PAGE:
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      Developmental changes in brain serotonin synthesis capacity in autistic and nonautistic children.

      Annals of Neurology

      Tomography, Emission-Computed, Age Distribution, Autistic Disorder, psychology, radionuclide imaging, Brain, Child, Adolescent, Child Behavior, Child, Preschool, Female, Humans, Male, Serotonin, biosynthesis

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          Abstract

          Serotonin content, serotonin uptake sites, and serotonin receptor binding measured in animal studies are all higher in the developing brain, compared with adult values, and decline before puberty. Furthermore, a disruption of synaptic connectivity in sensory cortical regions can result from experimental increase or decrease of brain serotonin before puberty. The purpose of the present study was to determine whether brain serotonin synthesis capacity is higher in children than in adults and whether there are differences in serotonin synthesis capacity between autistic and nonautistic children. Serotonin synthesis capacity was measured in autistic and nonautistic children at different ages, using alpha[11C]methyl-L-tryptophan and positron emission tomography. Global brain values for serotonin synthesis capacity (K complex) were obtained for autistic children (n = 30), their nonautistic siblings (n = 8), and epileptic children without autism (n = 16). K-complex values were plotted according to age and fitted to linear and five-parameter functions, to determine developmental changes and differences in serotonin synthesis between groups. For nonautistic children, serotonin synthesis capacity was more than 200% of adult values until the age of 5 years and then declined toward adult values. Serotonin synthesis capacity values declined at an earlier age in girls than in boys. In autistic children, serotonin synthesis capacity increased gradually between the ages of 2 years and 15 years to values 1.5 times adult normal values and showed no sex difference. Significant differences were detected between the autistic and epileptic groups and between the autistic and sibling groups for the change with age in the serotonin synthesis capacity. These data suggest that humans undergo a period of high brain serotonin synthesis capacity during childhood, and that this developmental process is disrupted in autistic children.

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          Most cited references 42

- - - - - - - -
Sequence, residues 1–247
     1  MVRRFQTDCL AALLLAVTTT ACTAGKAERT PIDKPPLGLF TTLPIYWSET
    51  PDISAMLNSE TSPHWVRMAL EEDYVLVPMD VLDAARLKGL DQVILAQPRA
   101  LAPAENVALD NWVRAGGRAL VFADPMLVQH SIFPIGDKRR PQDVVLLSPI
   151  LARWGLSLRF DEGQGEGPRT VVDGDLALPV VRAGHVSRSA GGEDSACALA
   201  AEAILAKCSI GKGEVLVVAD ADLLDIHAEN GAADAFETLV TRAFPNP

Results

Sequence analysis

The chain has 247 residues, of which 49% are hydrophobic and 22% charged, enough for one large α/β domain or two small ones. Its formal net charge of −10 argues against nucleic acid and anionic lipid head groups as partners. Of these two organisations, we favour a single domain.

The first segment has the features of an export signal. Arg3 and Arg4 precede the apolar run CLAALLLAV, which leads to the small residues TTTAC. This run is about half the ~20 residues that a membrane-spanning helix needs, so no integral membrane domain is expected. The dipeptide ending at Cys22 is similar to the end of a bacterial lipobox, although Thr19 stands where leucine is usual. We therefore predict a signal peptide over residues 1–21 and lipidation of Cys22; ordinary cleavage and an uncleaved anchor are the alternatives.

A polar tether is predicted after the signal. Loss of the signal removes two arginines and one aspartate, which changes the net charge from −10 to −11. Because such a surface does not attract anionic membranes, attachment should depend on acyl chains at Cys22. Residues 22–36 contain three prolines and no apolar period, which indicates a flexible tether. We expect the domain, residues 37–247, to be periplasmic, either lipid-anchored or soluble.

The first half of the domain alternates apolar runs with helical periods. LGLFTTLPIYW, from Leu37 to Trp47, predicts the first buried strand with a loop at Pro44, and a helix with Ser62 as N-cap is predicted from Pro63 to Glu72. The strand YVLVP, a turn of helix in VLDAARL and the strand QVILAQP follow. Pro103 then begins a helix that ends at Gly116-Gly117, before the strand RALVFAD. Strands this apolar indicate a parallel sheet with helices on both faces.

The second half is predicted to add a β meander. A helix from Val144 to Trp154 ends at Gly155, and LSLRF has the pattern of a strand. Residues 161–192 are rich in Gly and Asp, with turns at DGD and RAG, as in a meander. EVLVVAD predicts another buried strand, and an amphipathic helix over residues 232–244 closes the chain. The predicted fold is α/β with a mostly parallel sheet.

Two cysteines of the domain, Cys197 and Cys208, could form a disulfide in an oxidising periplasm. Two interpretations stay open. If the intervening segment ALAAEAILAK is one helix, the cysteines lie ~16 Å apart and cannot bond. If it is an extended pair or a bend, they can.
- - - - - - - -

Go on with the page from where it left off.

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          Autism Diagnostic Interview-Revised: A revised version of a diagnostic interview for caregivers of individuals with possible pervasive developmental disorders

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            Positron emission tomography study of human brain functional development.

            From over 100 children studied with 2-deoxy-2[18F]fluoro-D-glucose and positron emission tomography we selected 29 children (aged 5 days to 15.1 years) who had suffered transient neurological events not significantly affecting normal neurodevelopment. These 29 children were reasonably representative of normal children and provided an otherwise unobtainable population in which to study developmental changes in local cerebral metabolic rates for glucose (lCMRGlc). In infants less than 5 weeks old lCMRGlc was highest in sensorimotor cortex, thalamus, brainstem, and cerebellar vermis. By 3 months, lCMRGlc had increased in parietal, temporal, and occipital cortices; basal ganglia; and cerebellar cortex. Frontal and dorsolateral occipital cortical regions displayed a maturational rise in lCMRGlc by approximately 6 to 8 months. Absolute values of lCMRGlc for various grey matter regions were low at birth (13 to 25 mumol/min/100 gm), and rapidly rose to reach adult values (19 to 33 mumol/min/100 gm) by 2 years. lCMRGlc continued to rise until, by 3 to 4 years, it reached values of 49 to 65 mumol/min/100 gm in most regions. These high rates were maintained until approximately 9 years, when they began to decline, and reached adult rates again by the latter part of the second decade. The highest increases of lCMRGlc over adult values occurred in cerebral cortical structures; lesser increases were seen in subcortical structures and in the cerebellum. This time course of lCMRGlc changes matches that describing the process of initial overproduction and subsequent elimination of excessive neurons, synapses, and dendritic spines known to occur in the developing brain. The determination of changing metabolic patterns accompanying normal brain development is a necessary prelude to the study of abnormal brain development with positron emission tomography.
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              Histoanatomic observations of the brain in early infantile autism.

              Early infantile autism is a behaviorally defined syndrome that is often associated with abnormalities on neurologic examination and seizures. We report on the brain of a 29-year-old autistic man as compared with that of an age- and sex-matched normal control, using gapless sections of whole brain. Abnormalities were found in the hippocampus, subiculum, entorhinal cortex, septal nuclei, mamillary body, selected nuclei of the amygdala, neocerebellar cortex, roof nuclei of the cerebellum, and inferior olivary nucleus.
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                10072042

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